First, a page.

It's no secret that the music industry has added watermarking to its arsenal in an effort to restrict how audio content is used. With SACD, DVD-Audio, and now CD, audio watermarking has been used mainly for digitally stored content. But the music business also has problems with live concert bootlegs as well as bootlegs surfacing after special broadcast events.
Corey Greenberg channels his heroes Beavis and Butthead to review the NHT SuperZero loudspeaker and SW2 subwoofer. As CG explains, the NHT may be the first speaker "that really kicks ass—one that offers true high-end, full-range sound, all for under $1000." Huh-huh, huh-huh.
Job cutbacks are one inevitable result of sustained sales declines. In late March, the ailing music industry began to shed excess workers in an effort to reach profitability, with Sony Music and Bertelsmann Music Group announcing significant reductions in their workforces.
Last year in late October, Universal Music Group finally announced its first set of SACD titles and the high-rez format's supporters jumped for joy. Then, at the January 2003 Consumer Electronics Show (CES) in Las Vegas, Universal stood on the podium next to Sony and announced several key SACD releases from the Police, Peter Gabriel, and others.
The listing for the Rogue Audio M-120 monoblock power amplifier in the current issue's "Recommended Components" includes the comment, "Specified output power is 120W; JA measured just 100W into 8 ohms at clipping," which seems to suggest that Rogue Audio is overstating the amplifier's output power. This is not the case. The M-120 can be operated in both ultralinear pentode mode, in which it delivers the specified 120W, and in triode mode, in which it is specified at 60W. Our measurements were performed in triode mode; thus the 100W clipping power does, in fact, exceed the M-120's claimed output power of 60 watts in triode mode. Our apologies to Rogue Audio and to anyone confused by our lack of clarity.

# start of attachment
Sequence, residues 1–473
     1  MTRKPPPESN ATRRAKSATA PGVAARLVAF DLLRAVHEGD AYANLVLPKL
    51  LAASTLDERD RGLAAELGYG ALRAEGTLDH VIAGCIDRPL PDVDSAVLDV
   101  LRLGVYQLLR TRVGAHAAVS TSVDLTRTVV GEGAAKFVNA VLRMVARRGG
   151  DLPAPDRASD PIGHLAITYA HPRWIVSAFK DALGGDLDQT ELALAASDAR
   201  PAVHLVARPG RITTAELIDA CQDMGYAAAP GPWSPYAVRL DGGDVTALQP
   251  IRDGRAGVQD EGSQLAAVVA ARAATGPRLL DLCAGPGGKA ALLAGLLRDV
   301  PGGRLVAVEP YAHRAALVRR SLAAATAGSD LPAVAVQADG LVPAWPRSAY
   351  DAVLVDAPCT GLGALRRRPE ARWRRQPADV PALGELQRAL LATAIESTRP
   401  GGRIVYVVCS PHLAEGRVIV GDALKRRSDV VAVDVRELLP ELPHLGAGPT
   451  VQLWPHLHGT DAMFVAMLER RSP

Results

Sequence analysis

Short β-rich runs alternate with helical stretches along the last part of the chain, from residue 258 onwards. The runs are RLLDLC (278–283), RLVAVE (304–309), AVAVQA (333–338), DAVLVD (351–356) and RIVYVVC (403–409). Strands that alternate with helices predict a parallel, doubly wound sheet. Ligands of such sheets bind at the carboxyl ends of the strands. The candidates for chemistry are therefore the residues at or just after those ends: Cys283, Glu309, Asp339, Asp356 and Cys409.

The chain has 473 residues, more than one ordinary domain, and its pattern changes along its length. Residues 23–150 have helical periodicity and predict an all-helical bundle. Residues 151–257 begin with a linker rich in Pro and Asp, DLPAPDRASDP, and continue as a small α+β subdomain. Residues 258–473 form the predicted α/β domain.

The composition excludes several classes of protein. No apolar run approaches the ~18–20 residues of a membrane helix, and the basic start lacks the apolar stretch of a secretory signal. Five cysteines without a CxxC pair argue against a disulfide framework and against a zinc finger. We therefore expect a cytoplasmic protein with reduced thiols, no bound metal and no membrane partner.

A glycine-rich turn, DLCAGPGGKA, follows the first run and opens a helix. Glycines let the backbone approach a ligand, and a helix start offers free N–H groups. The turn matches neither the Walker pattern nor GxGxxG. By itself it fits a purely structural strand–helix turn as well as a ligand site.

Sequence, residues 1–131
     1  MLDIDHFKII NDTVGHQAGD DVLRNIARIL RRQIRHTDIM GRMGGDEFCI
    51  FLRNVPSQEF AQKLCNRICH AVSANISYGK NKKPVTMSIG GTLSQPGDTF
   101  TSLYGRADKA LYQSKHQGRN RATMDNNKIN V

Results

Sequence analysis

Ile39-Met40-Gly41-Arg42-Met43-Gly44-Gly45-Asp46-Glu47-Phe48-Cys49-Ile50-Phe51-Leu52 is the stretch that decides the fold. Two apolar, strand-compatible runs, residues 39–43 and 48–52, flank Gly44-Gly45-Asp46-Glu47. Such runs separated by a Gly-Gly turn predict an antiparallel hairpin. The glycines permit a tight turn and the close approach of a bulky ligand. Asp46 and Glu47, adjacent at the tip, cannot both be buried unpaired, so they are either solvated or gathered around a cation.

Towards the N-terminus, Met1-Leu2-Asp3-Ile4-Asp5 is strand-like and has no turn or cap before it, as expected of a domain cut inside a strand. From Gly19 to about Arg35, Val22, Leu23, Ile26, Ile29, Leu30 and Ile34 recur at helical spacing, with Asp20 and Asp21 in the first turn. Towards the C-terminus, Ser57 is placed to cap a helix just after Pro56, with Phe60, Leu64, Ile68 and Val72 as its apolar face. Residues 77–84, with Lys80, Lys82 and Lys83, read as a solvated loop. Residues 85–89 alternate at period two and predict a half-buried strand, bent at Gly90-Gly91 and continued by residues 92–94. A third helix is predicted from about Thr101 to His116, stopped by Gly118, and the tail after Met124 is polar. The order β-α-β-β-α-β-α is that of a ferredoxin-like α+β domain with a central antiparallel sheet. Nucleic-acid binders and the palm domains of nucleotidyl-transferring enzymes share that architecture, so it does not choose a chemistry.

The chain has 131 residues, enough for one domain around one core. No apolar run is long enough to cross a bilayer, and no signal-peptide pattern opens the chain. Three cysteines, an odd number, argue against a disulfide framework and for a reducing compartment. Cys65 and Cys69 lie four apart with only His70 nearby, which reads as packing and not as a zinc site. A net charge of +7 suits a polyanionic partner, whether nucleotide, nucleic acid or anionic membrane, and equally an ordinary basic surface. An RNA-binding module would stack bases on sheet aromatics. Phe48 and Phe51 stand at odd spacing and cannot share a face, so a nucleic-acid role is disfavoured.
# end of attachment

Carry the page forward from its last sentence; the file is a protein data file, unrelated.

The US music industry is fighting a war on several fronts—industrial piracy in foreign countries, casual piracy in the States, unhappiness among consumers, and disagreements with artists (see related story).
Record labels have found that CDs with built-in restriction technologies have not worked in all CD players, have been incompatible with some computers, and have engendered considerable backlash from irate consumers. But why should that stop them?
Kalman Rubinson reviews the MSB Platinum Link Plus D/A processor, revealing, "I have a warm spot in my heart for MSB's approach to product development." With this latest product, will Rubinson's heart continue to glow?
Audiophiles know Linn as a high-end consumer electronics company, creator of such products as the legendary LP12 turntable, compact amps, preamps, and speakers, and the innovative Kivor hard-disk music server.